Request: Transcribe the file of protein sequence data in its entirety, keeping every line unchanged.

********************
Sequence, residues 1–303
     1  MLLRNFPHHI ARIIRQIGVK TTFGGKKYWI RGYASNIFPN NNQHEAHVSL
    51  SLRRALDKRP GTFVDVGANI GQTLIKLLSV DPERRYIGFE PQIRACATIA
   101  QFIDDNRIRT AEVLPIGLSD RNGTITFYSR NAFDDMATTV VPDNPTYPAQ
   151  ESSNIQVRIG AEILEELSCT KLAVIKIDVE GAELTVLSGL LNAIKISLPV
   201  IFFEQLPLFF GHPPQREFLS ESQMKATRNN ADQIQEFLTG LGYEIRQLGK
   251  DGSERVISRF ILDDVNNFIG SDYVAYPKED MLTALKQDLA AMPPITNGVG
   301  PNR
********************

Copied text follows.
Sequence, residues 1–303
     1  MLLRNFPHHI ARIIRQIGVK TTFGGKKYWI RGYASNIFPN NNQHEAHVSL
    51  SLRRALDKRP GTFVDVGANI GQTLIKLLSV DPERRYIGFE PQIRACATIA
   101  QFIDDNRIRT AEVLPIGLSD RNGTITFYSR NAFDDMATTV VPDNPTYPAQ
   151  ESSNIQVRIG AEILEELSCT KLAVIKIDVE GAELTVLSGL LNAIKISLPV
   201  IFFEQLPLFF GHPPQREFLS ESQMKATRNN ADQIQEFLTG LGYEIRQLGK
   251  DGSERVISRF ILDDVNNFIG SDYVAYPKED MLTALKQDLA AMPPITNGVG
   301  PNR